Excess Mortality in the Western World since the COVID-19 Pandemic

Amsterdam, NL…Excess mortality during the COVID-19 pandemic has been substantial. Insight into excess death rates in years following WHO’s pandemic declaration is crucial for government leaders and policymakers to evaluate their health crisis policies. This study explores excess mortality in the Western World from 2020 until 2022.

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Methods All-cause mortality reports were abstracted for countries using the ‘Our World in Data’ database. Excess mortality is assessed as a deviation between the reported number of deaths in a country during a certain week or month in 2020 until 2022 and the expected number of deaths in a country for that period under normal conditions. For the baseline of expected deaths, Karlinsky and Kobak’s estimate model was used. This model uses historical death data in a country from 2015 until 2019 and accounts for seasonal variation and year-to-year trends in mortality.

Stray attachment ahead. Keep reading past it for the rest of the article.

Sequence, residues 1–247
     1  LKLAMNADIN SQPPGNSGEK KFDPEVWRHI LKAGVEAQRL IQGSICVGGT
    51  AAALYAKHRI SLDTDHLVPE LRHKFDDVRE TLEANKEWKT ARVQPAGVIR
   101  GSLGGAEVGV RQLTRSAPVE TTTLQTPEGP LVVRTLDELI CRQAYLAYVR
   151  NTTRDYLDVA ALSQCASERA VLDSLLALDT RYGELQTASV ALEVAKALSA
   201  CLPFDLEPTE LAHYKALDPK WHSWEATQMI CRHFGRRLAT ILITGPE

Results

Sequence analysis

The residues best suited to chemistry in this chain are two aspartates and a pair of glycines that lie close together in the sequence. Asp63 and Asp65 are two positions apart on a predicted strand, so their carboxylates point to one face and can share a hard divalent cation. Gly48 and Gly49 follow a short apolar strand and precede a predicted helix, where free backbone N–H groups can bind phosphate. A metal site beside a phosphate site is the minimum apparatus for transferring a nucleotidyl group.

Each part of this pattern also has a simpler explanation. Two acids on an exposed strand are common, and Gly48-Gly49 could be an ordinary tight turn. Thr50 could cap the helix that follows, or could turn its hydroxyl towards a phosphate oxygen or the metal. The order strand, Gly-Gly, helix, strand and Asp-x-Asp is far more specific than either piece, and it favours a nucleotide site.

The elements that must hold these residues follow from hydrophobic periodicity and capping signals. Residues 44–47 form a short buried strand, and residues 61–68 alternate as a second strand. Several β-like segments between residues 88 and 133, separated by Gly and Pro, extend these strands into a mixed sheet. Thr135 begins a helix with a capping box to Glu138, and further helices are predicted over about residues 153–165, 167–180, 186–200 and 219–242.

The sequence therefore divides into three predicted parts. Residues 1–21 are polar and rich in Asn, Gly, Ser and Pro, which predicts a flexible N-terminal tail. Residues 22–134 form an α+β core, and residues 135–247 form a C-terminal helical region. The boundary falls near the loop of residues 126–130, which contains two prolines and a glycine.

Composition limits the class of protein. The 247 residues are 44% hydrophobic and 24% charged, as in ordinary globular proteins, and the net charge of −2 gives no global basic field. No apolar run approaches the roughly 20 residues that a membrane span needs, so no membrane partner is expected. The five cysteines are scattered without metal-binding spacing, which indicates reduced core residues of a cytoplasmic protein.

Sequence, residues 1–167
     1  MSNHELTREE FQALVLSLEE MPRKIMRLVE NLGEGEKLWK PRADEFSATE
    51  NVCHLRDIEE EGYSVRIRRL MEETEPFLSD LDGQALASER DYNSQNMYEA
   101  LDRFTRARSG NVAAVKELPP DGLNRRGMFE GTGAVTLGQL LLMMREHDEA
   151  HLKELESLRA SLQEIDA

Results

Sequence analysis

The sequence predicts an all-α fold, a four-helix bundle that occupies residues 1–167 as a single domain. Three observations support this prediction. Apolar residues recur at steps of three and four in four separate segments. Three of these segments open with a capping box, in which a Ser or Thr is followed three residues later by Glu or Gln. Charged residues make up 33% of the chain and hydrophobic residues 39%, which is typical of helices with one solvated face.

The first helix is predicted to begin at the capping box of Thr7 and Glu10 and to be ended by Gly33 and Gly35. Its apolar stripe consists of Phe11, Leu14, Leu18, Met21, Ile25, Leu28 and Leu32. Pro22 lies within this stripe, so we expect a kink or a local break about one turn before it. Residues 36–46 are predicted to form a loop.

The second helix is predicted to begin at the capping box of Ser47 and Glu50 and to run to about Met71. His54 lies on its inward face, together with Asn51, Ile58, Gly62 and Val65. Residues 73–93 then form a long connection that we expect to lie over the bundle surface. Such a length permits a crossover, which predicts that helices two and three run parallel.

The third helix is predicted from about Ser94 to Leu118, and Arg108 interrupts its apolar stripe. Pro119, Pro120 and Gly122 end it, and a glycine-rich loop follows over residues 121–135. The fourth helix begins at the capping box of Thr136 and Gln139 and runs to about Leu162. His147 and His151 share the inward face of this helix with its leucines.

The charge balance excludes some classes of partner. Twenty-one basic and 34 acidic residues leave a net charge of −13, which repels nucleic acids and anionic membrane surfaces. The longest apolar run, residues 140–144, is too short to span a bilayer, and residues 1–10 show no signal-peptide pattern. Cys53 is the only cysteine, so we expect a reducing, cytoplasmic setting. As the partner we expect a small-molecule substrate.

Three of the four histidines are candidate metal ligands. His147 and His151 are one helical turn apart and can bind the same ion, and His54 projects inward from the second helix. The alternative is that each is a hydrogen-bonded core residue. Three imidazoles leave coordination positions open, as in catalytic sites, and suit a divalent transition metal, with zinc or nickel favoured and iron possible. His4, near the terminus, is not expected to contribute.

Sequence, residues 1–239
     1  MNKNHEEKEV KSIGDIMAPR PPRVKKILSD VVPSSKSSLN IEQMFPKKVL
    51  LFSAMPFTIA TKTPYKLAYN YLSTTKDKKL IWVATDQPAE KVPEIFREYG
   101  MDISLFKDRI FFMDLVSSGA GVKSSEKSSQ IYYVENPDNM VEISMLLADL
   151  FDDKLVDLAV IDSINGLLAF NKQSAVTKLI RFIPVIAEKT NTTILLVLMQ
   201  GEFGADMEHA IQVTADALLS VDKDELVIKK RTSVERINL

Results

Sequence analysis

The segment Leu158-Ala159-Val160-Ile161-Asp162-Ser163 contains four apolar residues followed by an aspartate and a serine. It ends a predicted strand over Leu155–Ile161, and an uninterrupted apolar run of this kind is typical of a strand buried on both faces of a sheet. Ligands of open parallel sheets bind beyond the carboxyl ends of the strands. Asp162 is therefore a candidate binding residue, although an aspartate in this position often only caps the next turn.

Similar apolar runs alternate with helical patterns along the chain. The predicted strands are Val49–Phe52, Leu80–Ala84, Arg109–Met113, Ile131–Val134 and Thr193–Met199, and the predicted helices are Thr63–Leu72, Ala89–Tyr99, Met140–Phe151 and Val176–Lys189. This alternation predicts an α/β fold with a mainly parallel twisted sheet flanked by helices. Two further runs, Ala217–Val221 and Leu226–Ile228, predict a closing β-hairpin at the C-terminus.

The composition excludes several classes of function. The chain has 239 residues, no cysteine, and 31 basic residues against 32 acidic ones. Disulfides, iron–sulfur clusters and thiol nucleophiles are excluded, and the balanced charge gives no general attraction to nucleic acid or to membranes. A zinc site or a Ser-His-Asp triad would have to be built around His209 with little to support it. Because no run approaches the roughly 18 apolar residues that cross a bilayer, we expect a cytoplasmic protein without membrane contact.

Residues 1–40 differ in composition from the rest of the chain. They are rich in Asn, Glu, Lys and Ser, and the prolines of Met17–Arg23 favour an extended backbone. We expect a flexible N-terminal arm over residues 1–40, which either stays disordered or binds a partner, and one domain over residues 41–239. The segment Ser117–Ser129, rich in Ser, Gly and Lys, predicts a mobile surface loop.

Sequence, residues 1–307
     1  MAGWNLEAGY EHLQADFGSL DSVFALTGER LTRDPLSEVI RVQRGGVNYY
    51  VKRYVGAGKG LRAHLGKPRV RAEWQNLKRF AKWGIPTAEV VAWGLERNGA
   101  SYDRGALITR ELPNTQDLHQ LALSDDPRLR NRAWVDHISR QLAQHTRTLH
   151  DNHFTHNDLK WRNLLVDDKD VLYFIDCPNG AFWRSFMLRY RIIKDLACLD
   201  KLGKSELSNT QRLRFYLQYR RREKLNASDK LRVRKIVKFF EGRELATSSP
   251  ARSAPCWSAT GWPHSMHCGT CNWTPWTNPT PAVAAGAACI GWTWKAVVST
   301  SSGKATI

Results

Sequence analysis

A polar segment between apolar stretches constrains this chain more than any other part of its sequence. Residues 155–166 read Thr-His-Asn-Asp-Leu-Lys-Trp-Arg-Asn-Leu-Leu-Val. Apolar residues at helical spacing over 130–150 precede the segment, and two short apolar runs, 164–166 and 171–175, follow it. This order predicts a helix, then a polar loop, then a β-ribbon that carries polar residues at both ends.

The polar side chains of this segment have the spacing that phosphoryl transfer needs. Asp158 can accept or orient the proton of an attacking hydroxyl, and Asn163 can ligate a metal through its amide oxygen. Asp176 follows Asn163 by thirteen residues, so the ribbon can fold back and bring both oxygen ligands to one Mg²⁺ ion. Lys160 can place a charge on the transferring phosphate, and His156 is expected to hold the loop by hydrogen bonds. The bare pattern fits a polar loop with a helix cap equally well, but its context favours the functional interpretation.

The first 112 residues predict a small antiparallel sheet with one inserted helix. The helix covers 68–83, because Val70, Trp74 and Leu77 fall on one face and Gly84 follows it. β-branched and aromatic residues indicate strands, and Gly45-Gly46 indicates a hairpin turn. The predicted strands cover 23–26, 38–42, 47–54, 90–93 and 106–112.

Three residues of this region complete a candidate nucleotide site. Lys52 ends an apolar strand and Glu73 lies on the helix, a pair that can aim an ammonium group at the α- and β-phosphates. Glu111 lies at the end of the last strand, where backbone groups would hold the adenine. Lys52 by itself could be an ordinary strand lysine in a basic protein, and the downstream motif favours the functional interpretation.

Results The total number of excess deaths in 47 countries of the Western World was 3 098 456 from 1 January 2020 until 31 December 2022. Excess mortality was documented in 41 countries (87%) in 2020, 42 countries (89%) in 2021 and 43 countries (91%) in 2022. In 2020, the year of the COVID-19 pandemic onset and implementation of containment measures, records present 1 033 122 excess deaths (P-score 11.4%). In 2021, the year in which both containment measures and COVID-19 vaccines were used to address virus spread and infection, the highest number of excess deaths was reported: 1 256 942 excess deaths (P-score 13.8%). In 2022, when most containment measures were lifted and COVID-19 vaccines were continued, preliminary data present 808 392 excess deaths (P-score 8.8%).

Conclusions Excess mortality has remained high in the Western World for three consecutive years, despite the implementation of containment measures and COVID-19 vaccines. This raises serious concerns. Government leaders and policymakers need to thoroughly investigate underlying causes of persistent excess mortality.